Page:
There are some who optimistically claim that language learning is a skill like cycling. In fact, language learning is rather more like constantly servicing your bike.
You can’t just leave such a complex machine in the garden through the winter, and then rely on it to get you to work come springtime – you’ll have a rusted mess of a chain and flat tires.
Every backseat language learner knows that same feeling of encroaching grammatical rust in their foreign language.
Having sunk years into linguistic immersion, and automating your manipulation of genders, verbs, and declensions, and perhaps even developing a sense of humour in the language, you can rapidly lose your foreign language fluidity if you stop engaging your mind in the language for an extended period. This phenomenon is known as Language Attrition.
This is to be expected – but what far fewer people expect is that this phenomenon cuts both ways. Just as we can lose our second language, there is interesting evidence to suggest we can also lose our first.
We know that the knowledge of your mother tongue tends to interfere with the process of learning a foreign one. Just think of the inevitable strong accents of adult learners; or even the sheer pathos of watching English native speakers try to get their heads around something that doesn’t exist in our pleasantly streamlined language, like the grammatical genders of Romance languages, or the complex case systems of the Slavonic language family.
Foreign immersion is seen as the Holy Grail of language learning – and with good reason. With added commitment, it is a surefire way to master a language. Nonetheless, after a decade spent out of contact with the speech community in which you grew up, there can be some downsides to this all-encompassing immersion. The point where you think all day and dream all night in the new language is an amazing stage of fluency – but as a consequence you may stop making connections with new vocabulary in your own language, simply because there is no practical need.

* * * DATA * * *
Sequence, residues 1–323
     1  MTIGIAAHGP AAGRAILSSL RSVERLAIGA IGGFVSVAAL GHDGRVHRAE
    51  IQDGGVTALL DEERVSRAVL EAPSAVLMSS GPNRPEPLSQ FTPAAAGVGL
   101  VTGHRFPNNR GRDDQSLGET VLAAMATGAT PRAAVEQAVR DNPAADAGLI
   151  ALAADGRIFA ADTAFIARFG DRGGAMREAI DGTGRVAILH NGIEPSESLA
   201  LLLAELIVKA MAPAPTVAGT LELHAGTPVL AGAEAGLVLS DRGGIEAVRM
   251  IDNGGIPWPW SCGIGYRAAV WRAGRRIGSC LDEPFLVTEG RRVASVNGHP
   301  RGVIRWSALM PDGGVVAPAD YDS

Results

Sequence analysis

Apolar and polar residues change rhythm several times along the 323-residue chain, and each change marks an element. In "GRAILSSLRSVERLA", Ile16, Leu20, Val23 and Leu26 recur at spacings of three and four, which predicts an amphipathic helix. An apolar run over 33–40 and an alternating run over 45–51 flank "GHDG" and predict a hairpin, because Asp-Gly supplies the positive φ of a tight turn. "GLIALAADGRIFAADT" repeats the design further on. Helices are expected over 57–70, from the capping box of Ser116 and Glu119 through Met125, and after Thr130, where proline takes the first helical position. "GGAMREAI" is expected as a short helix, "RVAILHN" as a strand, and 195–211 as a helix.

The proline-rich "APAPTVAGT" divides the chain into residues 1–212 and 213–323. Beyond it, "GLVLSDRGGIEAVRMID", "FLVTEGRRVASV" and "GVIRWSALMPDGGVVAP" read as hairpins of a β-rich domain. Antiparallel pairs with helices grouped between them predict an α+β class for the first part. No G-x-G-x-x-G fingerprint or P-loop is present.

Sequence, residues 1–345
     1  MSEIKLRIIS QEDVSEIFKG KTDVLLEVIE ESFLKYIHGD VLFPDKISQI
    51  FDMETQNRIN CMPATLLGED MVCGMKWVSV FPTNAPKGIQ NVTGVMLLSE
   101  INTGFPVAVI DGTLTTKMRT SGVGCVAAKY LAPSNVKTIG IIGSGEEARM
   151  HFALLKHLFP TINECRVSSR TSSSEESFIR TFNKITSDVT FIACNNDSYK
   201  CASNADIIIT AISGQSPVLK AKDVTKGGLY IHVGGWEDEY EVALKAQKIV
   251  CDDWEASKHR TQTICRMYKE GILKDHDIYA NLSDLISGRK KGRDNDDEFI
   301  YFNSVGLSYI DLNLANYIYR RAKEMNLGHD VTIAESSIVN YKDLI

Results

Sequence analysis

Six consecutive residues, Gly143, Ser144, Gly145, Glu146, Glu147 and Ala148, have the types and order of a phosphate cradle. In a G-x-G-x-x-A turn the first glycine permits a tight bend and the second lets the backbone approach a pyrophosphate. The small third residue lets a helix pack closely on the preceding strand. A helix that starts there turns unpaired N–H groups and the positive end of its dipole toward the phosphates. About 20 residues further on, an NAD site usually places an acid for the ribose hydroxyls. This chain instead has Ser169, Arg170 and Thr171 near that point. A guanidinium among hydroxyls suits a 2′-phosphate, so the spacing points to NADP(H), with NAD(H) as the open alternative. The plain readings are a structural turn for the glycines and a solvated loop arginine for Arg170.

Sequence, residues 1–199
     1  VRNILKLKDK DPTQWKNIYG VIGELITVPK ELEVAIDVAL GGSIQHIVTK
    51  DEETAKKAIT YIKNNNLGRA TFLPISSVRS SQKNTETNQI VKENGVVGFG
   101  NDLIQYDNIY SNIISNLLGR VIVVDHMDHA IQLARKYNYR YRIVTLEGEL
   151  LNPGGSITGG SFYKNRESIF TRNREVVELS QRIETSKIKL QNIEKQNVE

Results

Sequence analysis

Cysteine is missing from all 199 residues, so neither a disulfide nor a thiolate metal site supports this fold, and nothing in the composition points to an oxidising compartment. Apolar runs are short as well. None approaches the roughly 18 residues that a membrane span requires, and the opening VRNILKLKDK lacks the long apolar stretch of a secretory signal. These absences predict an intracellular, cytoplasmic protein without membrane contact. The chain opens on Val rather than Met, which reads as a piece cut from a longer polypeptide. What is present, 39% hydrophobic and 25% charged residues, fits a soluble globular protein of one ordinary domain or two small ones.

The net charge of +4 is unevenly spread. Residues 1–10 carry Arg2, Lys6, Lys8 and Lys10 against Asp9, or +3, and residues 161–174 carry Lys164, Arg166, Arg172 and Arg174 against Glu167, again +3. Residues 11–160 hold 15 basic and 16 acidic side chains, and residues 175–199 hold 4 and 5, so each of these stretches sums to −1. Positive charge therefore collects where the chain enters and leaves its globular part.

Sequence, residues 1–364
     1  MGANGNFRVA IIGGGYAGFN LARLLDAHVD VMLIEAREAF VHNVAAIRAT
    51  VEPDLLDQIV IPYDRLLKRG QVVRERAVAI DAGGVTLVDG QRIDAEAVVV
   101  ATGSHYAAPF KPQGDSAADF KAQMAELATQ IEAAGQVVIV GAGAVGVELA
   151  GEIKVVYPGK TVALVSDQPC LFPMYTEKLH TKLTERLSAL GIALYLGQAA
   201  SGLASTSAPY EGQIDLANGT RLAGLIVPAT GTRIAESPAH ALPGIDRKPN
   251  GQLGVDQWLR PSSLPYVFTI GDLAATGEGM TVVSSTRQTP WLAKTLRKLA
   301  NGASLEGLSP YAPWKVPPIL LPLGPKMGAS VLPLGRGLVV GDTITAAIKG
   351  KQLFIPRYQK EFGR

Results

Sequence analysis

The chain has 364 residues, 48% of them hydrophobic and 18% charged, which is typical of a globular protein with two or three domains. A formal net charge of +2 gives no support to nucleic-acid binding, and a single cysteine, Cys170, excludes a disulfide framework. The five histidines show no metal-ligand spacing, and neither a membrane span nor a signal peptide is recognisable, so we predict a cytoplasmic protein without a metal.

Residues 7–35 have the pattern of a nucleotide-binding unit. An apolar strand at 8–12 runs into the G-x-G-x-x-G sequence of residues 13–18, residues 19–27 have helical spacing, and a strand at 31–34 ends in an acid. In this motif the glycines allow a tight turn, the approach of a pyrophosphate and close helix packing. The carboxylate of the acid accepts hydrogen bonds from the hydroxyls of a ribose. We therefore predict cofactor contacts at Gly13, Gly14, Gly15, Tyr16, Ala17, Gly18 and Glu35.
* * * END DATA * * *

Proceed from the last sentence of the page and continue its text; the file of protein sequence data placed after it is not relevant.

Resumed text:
In the young globalized world of the 20th century, the spread and frequency of international population movements increased greatly. Now that affordable air travel is widespread, it has become even easier for individuals to settle in countries on the other side of the world, perhaps never to return. Integrating with those new speech communities can have severe consequences for their continuing links to their native one.
The severity of First Language Attrition can vary widely depending on the circumstances. Initially, it could just affect something intangible about your accent or mannerisms. For instance, I once met up with a Parisian friend who had just moved back to her home city after five years studying in England. Upon ordering a meal, she was congratulated by the waiter for her stellar command of the French language. “But where are you from originally?” After just a few years in England, she sounded like a highly-polished foreigner who had nearly mastered the accent – but not the Parisian she actually was.